Ebenezer Elliott - The Corn Law Rhymer

Ebenezer Elliott (17 March 1781 – 1 December 1849) was an English poet, known as the Corn Law rhymer for his leading the fight to repeal the Corn Laws which were causing hardship and starvation among the poor. Though a factory owner himself, his single-minded devotion to the welfare of the labouring classes won him a sympathetic reputation long after his poetry ceased to be read.

Elliott was born at the New Foundry, Masbrough, in the Parish of Rotherham, Yorkshire. In 1798, aged seventeen, he wrote his first poem Vernal Walk in imitation of James Thompson. He was also influenced by George Crabbe, Lord Byron and the Romantic poets and Robert Southey, who later became Poet Laureate. Elliott had married Frances (Fanny) Gartside in 1806 and they eventually had thirteen children. He invested his wife’s fortune in his father’s share of the iron foundry, but the affairs of the family firm were then in a desperate condition and money difficulties hastened his father’s death. Elliott lost everything and in 1816 he was declared bankrupt. In 1819 he obtained funds from his wife’s sisters and began another business as an iron dealer in Sheffield. This prospered and by 1829 he had become a successful iron merchant and steel manufacturer.

When he was made bankrupt, Elliott had been homeless and out of work; he had faced starvation and contemplated suicide. Knowing what it was like to be impoverished and desperate, he always identified with the poor. He remained bitter about his earlier failure, attributing his father’s pecuniary losses and his own to the operation of the Corn Laws. As a result, the demand to repeal them became the greatest issue in his life. The strength of his political convictions was reflected in the style and tenor of his verse, earning him the nickname ” the Corn Law Rhymer”, and making him internationally famous. The Corn Law Rhymes, first published in 1831, had been preceded by the publication of the single long poem The Ranter in 1830. They were inspired by a fierce hatred of injustice, and are vigorous, simple and full of vivid description. The poems campaigned against the landowners in the government who stifled competition and kept the price of bread high.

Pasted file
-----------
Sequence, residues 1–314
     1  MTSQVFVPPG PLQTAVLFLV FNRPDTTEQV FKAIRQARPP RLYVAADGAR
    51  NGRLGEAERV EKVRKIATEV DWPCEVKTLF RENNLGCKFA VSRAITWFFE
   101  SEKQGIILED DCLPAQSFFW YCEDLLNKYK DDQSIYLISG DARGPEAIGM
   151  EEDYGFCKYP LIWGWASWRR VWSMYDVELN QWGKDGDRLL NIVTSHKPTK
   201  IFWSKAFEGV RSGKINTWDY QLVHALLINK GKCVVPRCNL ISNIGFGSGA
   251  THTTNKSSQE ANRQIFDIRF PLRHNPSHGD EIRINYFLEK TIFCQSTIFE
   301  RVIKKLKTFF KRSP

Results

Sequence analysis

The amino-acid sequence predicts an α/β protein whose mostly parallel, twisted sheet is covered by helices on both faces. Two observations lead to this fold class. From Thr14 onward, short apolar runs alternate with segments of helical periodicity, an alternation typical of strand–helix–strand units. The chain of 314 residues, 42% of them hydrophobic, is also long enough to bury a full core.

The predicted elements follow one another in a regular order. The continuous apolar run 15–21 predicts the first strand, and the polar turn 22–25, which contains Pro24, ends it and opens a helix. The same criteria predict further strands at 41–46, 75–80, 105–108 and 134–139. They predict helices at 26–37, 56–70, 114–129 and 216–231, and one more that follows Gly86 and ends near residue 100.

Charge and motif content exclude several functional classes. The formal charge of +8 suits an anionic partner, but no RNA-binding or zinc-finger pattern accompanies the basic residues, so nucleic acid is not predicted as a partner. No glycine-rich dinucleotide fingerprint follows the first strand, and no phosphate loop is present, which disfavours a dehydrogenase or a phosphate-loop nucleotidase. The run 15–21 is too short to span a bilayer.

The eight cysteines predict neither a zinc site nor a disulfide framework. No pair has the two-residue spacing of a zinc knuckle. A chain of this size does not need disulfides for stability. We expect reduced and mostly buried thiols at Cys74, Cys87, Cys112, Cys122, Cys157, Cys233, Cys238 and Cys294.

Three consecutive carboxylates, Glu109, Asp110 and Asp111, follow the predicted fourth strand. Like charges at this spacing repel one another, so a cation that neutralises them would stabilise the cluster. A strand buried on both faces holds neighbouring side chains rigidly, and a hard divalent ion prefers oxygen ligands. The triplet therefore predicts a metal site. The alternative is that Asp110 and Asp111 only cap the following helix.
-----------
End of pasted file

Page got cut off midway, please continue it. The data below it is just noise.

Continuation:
In 1837 Elliott’s business suffered from the trade recession that year and he lost a great deal of money. But he still had enough to retire in 1841 and settle on land he had bought at Great Houghton, near Barnsley. There he lived quietly to see the Corn Laws repealed in 1846, dying in 1849 aged 68